Nanaimo-Ladysmith School District’s Environmental Action Plan Starts by Wasting Less Paper

The Nanaimo-Ladysmith School District hopes learning can happen with less wasted paper.

An environmental sustainability action plan, approved by the board in September, lists the development of a policy to reduce paper use as a goal. The school district enlisted the help of a Konica Minolta representative last spring to conduct an investigation of the schools’ printing systems, and administrators were briefed on the results at the November works council meeting. .

The school district will purchase larger multifunction printers that scan, photocopy and print, according to Mark Walsh, SD68 secretary-treasurer.

He said many of the district’s printers were coming to their “useful end” and a staff report noted that across the district there were 382 single-function printers, which are less energy efficient and less economical due to the costs of ink and maintenance. Reducing to 278 printers and replacing current multifunction copiers with more efficient models would reduce the district’s monthly energy consumption by 371 kilowatt hours, which would come with lower monthly energy costs and reduced carbon emissions, according to the report.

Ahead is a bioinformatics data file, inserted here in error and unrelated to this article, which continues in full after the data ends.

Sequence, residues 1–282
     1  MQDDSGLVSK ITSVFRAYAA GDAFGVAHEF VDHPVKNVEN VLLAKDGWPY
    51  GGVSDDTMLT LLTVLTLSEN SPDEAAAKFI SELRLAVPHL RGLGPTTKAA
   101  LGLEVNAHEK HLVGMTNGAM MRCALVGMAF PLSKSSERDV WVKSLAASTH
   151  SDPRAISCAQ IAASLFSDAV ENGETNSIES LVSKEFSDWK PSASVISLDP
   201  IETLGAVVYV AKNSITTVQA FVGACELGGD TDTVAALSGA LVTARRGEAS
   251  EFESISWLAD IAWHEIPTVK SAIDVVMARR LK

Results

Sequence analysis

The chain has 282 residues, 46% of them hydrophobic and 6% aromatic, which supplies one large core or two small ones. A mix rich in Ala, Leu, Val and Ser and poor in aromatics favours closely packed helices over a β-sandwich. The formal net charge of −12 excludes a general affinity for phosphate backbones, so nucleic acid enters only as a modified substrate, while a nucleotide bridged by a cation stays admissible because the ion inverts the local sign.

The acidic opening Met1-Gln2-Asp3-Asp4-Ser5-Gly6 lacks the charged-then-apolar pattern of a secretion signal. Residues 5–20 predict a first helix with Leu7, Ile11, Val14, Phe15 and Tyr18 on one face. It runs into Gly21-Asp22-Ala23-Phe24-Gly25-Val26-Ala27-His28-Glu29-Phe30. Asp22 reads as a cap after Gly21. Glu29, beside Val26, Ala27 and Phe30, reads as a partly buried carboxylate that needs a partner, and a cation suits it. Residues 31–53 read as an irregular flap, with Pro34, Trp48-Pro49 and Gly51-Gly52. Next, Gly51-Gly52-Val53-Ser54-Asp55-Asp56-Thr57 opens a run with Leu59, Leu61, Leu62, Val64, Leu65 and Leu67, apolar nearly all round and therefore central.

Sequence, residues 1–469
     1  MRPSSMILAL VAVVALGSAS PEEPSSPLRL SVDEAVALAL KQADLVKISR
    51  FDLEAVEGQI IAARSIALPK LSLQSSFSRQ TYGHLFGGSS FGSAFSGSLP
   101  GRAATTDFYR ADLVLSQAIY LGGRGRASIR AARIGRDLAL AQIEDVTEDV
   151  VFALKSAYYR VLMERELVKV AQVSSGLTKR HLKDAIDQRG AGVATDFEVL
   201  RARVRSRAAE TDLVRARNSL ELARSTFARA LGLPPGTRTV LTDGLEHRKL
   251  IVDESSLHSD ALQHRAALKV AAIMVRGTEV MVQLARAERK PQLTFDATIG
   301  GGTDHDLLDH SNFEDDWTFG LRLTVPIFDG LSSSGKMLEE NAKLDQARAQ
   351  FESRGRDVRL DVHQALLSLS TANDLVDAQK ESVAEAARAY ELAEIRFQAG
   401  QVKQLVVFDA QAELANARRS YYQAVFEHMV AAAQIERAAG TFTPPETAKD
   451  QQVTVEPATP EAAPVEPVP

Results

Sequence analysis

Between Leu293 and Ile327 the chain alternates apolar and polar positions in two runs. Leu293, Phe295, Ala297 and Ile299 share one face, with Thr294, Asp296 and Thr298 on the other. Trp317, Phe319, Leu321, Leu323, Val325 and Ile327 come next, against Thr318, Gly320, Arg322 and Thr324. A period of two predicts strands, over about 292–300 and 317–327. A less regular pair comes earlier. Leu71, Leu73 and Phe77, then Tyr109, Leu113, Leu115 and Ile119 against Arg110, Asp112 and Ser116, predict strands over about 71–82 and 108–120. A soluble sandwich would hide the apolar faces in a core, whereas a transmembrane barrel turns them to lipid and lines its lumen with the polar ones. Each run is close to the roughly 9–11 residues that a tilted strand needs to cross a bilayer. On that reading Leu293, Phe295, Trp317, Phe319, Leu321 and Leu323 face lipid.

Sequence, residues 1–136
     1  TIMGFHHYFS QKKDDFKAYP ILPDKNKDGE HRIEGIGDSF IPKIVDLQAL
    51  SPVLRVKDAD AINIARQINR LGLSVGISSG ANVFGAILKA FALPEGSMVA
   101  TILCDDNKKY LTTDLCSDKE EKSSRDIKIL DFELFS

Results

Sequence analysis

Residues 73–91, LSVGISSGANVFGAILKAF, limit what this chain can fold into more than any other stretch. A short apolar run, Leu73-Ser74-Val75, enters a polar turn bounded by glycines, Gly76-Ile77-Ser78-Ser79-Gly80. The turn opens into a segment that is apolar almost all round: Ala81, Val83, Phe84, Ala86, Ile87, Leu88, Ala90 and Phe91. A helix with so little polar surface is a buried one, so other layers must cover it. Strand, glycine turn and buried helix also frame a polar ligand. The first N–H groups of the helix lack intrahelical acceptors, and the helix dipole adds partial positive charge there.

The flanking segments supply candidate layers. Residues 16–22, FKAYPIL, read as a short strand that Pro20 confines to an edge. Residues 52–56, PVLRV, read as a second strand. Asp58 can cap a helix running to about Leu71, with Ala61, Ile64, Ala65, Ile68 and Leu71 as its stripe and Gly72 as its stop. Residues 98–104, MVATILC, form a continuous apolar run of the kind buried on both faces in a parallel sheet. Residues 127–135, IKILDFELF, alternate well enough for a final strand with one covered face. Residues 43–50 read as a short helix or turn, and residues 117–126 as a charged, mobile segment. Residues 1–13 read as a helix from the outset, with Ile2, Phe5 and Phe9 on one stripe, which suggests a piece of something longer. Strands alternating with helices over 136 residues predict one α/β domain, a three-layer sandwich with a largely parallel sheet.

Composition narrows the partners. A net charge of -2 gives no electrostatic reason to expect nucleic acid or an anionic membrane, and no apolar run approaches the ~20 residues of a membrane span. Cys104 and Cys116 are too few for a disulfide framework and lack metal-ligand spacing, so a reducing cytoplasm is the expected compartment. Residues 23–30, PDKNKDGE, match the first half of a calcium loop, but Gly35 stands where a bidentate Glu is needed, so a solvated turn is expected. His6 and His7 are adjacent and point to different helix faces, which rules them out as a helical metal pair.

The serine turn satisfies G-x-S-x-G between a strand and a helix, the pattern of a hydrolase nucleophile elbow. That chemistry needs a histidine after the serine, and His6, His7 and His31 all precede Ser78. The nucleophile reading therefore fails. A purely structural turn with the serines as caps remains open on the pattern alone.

Walsh said the district will install software to limit instances of “ghost printing” when staff members don’t actually retrieve their print jobs from the printer.

“That means individuals will have to stand up and they will have to type in their number or the print job will never be released,” he said.

On average, 1.5 million black-and-white pages and 44,000 color pages are printed each month in schools across the district, the report said. The software is estimated to reduce black and white pages printed by 21% and color pages by 47%.

Trustee Tom Rokeby, a former teacher at John Barsby High School, expressed concern that the transition away from paper highlights a “digital divide” in the district.

“I noticed as a teacher…when we moved from paper to online report cards, we lost a lot of families and it’s not easy for a family to navigate a new system,” he said. -he declares. “It’s not always easy for them to ask for help. I often had families coming to parent-teacher interviews who hadn’t seen the report card yet and it was uncomfortable for them, so hopefully we can make sure that still doesn’t happen.

Walsh said the district will not completely remove old printers.

“Where these single-use clothes [printers] are needed, like say there’s a disabled person who doesn’t have that mobility or [where it is] very difficult to access the printing machines available, we will of course adapt to that and so this number that we are talking about … may well be a little higher than what we propose, ”he said.

There will be consultations to address concerns and opportunities for the district to receive feedback, the report notes.
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